Figure 2: Map of Hiroshima and Nagasaki Prefectures, Japan
The Gini coefficient was calculated for each prefecture based on the number of physicians and the population size. All municipalities were ranked according to physician-to-population ratio, and the cumulative proportion of physicians and population in each municipality was plotted in a plane of coordinates. The plotted line is the Lorenz curve, and the Gini coefficient is the area between the Lorenz curve and the 45° line, divided by the triangle under the 45° line. The Gini coefficient varies between 0 (complete equity) and 1 (complete inequity) according to the degree of variation in physician-to-population ratio12,14,24.
All municipalities were then categorised as urban or rural and the flow of physicians between urban and rural areas was examined for each prefecture. Municipalities with a population greater than 200 000 or a population density of more than 4000 per km2 were defined as urban, and the others were defined rural. Among the 23 municipalities in Hiroshima prefecture, Hiroshima, Fukuyama and Kure cities, as well as Fuchu and Kaita towns were considered urban. Of the 23 municipalities in Nagasaki prefecture, Nagasaki and Sasebo cities were considered urban. Because many municipalities in both prefectures were merged during the study period, the geographic border of municipalities in 2008 was accepted as representative of earlier years.
Next a cohort of physicians (identified by their unique registration number) who worked in the same prefecture in 2002 and 2008 was created and the result was 4288 in Hiroshima, and 2483 in Nagasaki. Cross-table analysis was conducted comparing the numbers of physicians classified according to rural/urban and 2002/2008 categories in each prefecture. Differences in average career length, cross-tabulated by place and year, were also examined. A similar cross-table comparison was performed using the data of a cohort of young physicians with no more than 5 years career experience (who were registered in the 2008 census but not in 2002). The size of the young physician cohort was 802 in Hiroshima and 486 in Nagasaki.
Statistical analyses were performed using SPSS for Windows v18.0 (www.spss.com). In the cross-table analysis, the proportion of the number of physicians in each cell was compared between Hiroshima and Nagasaki using the χ2 test. The average career length was compared using a two-sample t-test. P-values of less than 0.05 were considered statistically significant.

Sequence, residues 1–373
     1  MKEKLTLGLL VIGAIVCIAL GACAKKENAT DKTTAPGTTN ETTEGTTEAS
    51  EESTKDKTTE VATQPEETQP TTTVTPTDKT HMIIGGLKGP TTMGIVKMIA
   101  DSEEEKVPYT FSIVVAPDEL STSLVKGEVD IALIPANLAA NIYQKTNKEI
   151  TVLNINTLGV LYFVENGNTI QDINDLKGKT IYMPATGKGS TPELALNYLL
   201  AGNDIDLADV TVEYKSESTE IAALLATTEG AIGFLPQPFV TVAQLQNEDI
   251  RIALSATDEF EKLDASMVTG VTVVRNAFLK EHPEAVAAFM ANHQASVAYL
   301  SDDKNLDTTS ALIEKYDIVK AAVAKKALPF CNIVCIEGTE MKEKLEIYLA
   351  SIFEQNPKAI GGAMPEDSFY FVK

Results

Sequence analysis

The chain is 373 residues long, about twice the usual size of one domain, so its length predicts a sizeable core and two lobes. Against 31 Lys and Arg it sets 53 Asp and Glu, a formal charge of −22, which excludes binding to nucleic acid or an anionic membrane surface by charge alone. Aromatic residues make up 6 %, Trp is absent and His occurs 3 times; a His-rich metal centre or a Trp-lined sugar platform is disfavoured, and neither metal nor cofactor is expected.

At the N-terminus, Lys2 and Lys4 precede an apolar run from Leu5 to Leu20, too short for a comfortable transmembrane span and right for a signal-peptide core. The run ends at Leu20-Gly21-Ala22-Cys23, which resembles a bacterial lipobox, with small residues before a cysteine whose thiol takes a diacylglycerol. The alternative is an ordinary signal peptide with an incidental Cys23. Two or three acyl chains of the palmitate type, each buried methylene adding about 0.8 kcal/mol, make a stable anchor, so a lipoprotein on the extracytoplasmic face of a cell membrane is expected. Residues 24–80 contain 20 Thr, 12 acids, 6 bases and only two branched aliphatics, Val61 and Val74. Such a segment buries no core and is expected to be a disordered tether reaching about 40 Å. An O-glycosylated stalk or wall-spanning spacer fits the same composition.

This study was approved by the Ethics Committee of Epidemiological Studies, Hiroshima University in 2010 (#Epidemiology-332).
Physicians, population and Gini coefficients are shown (Table 1). The physician-to-population ratio was larger in Nagasaki than in Hiroshima. The increase of physician-to-population ratio in Nagasaki between 2002 and 2008 (12.0%) was greater than that in Hiroshima (2.7%). The increase of physician-to-population ratio in urban Nagasaki (10.9%) was greater than that in urban Hiroshima (2.6%). The increase in rural Nagasaki (12.9%) was greater than that in rural Hiroshima (2.4%). During the period, the Gini coefficient in Hiroshima Prefecture increased toward greater inequity (from 0 toward 1) by 4.1% while the increase for Nagasaki was 2.5%. This indicates that the geographic equity of physicians has worsened in Hiroshima compared with that observed for Nagasaki.
Table 1: Transition of population, number of physicians and Gini coefficient
Flows of physicians between urban and rural areas for each prefecture are shown (Table 2). In Hiroshima, 18.8% of rural physicians moved to urban areas, while the proportion was 14.6% in Nagasaki (p=0.01). In contrast, 7.6% of urban physicians moved to rural areas in Hiroshima, compared with 11.6% in Nagasaki (p<0.001). The net flow of physicians was from rural to urban in Hiroshima (17 physicians). The reverse was true for Nagasaki where net flow was 32 physicians from urban to rural areas.
The average career length of physicians moving from urban to rural areas was longer than that of physicians moving in the opposite direction in Hiroshima although this did not reach statistical significance (19.1 [standard deviation 10.3] vs 17.6 [8.8] years; p=0.067). The career length for Nagasaki was not significantly different (17.9 [10.1] vs 18.7 [9.8] years; p=0.442). Of the young physicians with no more than 5 years career experience, 18.3% worked in rural areas in 2008, which was 34% less than the proportion of physicians of all ages (27.7%) in Hiroshima. In Nagasaki, 30.2% of the early-career physicians worked in rural areas, which was 22% less than that of all physicians (38.8%).
Table 2: Flow of physicians between urban and rural areas
In Hiroshima Prefecture, which had a smaller increase in physicians, the equity of geographic distribution of physicians deteriorated, the flow of physicians from rural to urban areas was more pronounced, and the career length of physicians going from rural to urban areas tended to be shorter than in Nagasaki Prefecture where the physician increase was more rapid.
The attraction-repulsion hypothesis predicts that regions with smaller increases in physicians will have less spatial competition in urban areas, and thus repulsion would be less dominant in the attraction-repulsion equilibrium compared with regions of larger increases. The net flow of physicians from rural to urban areas in such regions would be more obvious. The results of this study support this prediction. Flow from rural to urban areas in Hiroshima was 1.3 times larger than that in Nagasaki, and the flow in the opposite direction in Hiroshima was 0.7 times that of Nagasaki. The inequity of physician distribution deteriorated in Hiroshima compared with Nagasaki.